Meanwhile, Benny also said police were investigating reports that rebels have been holding 15 workers who were building a community health clinic in Nduga province since Saturday.

History of violence

Violence and tensions in Papua, a region that makes up the western half of New Guinea island, have intensified in recent years.

In July 2022, rebels killed 10 civilians, mostly traders from other parts of Indonesia, accusing them of being spies for government security forces.

It was the deadliest attack by insurgents in the region since 2018 when insurgents attacked workers who were building roads and bridges in Nduga, killing 20 people, including an Indonesian soldier. At the time, the TPNPB said those killed were not civilian workers, but soldiers from the army’s engineering detachment.

The attack prompted the government to send more troops to Papua.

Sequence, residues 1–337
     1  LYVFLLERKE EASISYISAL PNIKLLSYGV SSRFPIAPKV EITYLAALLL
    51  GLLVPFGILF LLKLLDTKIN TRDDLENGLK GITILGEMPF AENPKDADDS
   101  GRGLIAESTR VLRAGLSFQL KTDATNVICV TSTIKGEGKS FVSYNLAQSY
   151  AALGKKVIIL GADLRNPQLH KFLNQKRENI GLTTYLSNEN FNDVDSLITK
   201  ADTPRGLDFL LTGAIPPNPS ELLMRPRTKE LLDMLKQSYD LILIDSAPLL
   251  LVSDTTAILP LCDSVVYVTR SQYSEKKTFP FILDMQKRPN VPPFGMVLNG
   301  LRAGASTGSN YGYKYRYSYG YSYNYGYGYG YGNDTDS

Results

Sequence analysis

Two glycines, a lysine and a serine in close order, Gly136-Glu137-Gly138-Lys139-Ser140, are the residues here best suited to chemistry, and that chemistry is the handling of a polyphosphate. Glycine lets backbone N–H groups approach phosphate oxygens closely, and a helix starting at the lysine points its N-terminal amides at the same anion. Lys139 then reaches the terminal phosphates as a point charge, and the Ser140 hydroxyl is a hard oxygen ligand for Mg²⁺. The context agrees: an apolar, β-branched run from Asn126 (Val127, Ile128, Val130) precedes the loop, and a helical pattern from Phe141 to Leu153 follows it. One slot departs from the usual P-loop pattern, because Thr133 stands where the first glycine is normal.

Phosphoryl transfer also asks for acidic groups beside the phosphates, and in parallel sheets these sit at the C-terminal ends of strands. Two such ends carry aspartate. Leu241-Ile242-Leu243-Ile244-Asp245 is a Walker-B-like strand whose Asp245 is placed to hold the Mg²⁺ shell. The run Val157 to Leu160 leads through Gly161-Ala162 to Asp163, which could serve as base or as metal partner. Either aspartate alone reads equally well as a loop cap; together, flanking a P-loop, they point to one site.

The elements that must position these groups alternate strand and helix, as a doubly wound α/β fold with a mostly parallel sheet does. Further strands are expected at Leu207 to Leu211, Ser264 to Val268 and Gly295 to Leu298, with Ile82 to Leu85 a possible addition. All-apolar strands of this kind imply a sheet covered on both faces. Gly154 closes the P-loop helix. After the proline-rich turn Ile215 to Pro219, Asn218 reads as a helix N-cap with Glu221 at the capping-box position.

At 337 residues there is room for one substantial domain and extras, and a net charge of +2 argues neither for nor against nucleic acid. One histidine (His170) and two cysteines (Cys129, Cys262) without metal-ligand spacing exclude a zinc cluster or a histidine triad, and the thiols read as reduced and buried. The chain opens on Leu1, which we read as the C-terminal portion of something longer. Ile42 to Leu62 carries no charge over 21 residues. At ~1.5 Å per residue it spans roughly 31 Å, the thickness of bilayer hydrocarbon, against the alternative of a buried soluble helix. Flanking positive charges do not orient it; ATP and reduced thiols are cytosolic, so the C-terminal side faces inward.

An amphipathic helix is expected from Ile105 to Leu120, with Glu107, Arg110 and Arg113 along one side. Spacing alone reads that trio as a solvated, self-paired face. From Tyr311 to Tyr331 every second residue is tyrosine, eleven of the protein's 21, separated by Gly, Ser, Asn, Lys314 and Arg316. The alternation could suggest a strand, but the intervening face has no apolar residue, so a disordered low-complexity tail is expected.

The region has a history of human rights violations by Indonesian security forces and police. Papuan separatist rebels also have been accused of attacking civilians.

In 1963, Indonesian forces invaded Papua, a former Dutch colony like Indonesia, and annexed it.

In 1969, the United Nations sponsored a referendum where only about 1,000 people voted. Despite accusations that the vote was a farce, the U.N. recognized the outcome, effectively endorsing Indonesia’s control over Papua.

Nazarudin Latif in Jakarta contributed to this report.

—————————–

https://www.rnz.co.nz/news/world/483830/new-zealand-pilot-taken-hostage-in-indonesia

3) New Zealand pilot taken hostage in Indonesia

27 minutes ago  

Separatist fighters in Indonesia’s Papua region have taken a New Zealand pilot hostage after setting a small commercial plane alight when it landed in a remote highland area on Tuesday, a pro-independence group says in a statement.